6) I took a journalism class in high school and ended up being the editor of my high school paper. Thus, I became a leader at my high school, which was a great experience.
    7) When I was in 9th grade, I decided to try to do very well in school. My parents had *zero* to do with this decision. Before that decision, I was a B student. After that decision, I got two more Bs in high school, the rest As.

  2. mark_powell says:

    And it’s ironic that Amazon itself was started by Jeff Bezos, who went to a Montessori school as a young child. Montessori schools couldn’t be further away from Amy Chua’s brand of behaviorism! Hers is somewhat extreme, but it’s the same controlling behaviorism that is behind all traditional schooling that most of us suffered through as children, no matter what our parents were like.

  3. map says:

    My success: I have a law degree from the University of Michigan and have been a successful teacher, tutor, oral historian, and game designer. I scored in the 99th percentile on every graduate school standardized test I’ve ever taken.

    My parents’ involvement in my education: They checked in to see if I was too stressed, but they never put pressure on me to get A’s, even when I dipped down into C’s in 9th grade English. They figured I’d right myself because they knew I found intrinsic value in learning. They always told me they were proud of me when I did well.

    What factors in my childhood made me successful:
    1) My parents ALWAYS showed me that it was better to be myself than to try to conform to someone else’s expectations of me.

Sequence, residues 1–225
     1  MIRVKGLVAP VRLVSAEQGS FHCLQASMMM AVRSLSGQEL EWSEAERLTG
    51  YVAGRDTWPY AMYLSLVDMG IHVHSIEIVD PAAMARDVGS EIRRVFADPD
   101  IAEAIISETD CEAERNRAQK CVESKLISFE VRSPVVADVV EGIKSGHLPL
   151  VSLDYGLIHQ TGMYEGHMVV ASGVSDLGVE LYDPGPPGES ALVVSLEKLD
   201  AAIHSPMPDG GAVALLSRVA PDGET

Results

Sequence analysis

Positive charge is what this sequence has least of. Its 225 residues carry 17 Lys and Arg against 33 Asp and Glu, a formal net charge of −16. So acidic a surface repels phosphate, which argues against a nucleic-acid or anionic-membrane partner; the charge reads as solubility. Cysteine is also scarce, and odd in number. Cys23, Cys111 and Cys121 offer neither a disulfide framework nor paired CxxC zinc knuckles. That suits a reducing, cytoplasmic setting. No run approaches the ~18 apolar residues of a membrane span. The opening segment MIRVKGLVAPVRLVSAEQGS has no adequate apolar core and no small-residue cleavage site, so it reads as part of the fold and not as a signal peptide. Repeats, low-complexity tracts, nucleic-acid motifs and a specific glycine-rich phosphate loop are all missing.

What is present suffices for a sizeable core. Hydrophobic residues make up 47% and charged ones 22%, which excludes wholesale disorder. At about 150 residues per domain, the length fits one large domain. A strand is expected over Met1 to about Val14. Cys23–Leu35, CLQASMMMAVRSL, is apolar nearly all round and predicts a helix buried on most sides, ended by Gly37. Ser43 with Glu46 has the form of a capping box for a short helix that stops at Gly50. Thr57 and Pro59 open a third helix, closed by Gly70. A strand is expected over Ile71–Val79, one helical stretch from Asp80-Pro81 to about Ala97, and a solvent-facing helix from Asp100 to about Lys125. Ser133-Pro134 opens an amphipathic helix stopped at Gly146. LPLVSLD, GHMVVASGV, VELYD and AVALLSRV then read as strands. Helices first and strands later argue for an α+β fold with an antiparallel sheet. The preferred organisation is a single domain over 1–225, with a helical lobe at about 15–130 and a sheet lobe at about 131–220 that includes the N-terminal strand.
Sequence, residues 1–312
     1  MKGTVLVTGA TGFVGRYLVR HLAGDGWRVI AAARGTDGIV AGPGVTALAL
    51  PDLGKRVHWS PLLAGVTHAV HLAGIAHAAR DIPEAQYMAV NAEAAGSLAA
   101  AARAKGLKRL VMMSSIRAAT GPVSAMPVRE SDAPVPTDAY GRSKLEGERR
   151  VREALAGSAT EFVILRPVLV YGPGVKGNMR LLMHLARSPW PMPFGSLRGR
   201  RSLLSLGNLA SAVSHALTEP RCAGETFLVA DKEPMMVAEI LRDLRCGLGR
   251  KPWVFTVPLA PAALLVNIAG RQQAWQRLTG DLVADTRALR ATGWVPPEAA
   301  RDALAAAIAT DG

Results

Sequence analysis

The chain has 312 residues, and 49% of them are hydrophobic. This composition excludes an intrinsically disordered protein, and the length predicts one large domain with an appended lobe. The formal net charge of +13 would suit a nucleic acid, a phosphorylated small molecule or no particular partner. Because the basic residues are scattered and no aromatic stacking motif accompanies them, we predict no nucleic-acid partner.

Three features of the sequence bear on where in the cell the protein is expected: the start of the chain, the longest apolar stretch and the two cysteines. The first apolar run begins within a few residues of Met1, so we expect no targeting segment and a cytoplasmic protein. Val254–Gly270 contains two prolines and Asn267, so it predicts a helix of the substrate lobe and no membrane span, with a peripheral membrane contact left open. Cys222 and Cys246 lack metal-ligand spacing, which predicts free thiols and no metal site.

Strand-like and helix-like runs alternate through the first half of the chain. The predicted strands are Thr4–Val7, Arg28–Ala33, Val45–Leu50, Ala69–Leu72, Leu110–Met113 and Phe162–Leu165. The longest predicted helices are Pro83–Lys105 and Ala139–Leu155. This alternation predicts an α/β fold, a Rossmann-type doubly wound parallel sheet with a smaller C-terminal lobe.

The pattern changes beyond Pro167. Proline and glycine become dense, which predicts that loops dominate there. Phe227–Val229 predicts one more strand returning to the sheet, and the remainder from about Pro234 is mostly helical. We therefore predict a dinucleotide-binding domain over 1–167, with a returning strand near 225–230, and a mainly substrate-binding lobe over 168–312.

2) I played constantly with whatever I had in my immediate environment, even if it was just a couple of coins or a super ball.

    3) I was given the freedom to make my own mistakes–and to learn from them.

    4) My parents encouraged my temporary passions, even if they were clearly not going to last me a lifetime, so I learned the boundaries of my identity–my passions, discipline, ambition, abilities, connections to other people, etc.

    5) My parents talked to me like an adult, with respect and genuine interest in my point of view.

    6) My sister was born when I was nine, and my parents let me play a big role in raising her.

    7) I lived in a rural area where I saw more moose than Maseratis.

    8) We lived on a farm on which I always had chores.

    9) I learned to love words when I almost simultaneously was exposed to Bob Dylan and e.e. cummings (around 11 years old).

    There are more reasons, but that’s probably enough to help the anti-Battle Hymn cause. Keep up the good work on behalf of kids, Mike!

  4. Valerie says:

    Oh, thank goodness – let’s get a groundswell of counter examples! I’m unschooling my kids and let them have a lot of say in their learning, and they amaze me with their interests, creativity, imagination, and natural love of learning. But they are not driven in the ways the Chinese mom describe. But I don’t want them to be. I want them to be kind, giving, connected, interested, etc. Thanks for this opportunity to read about other success stories.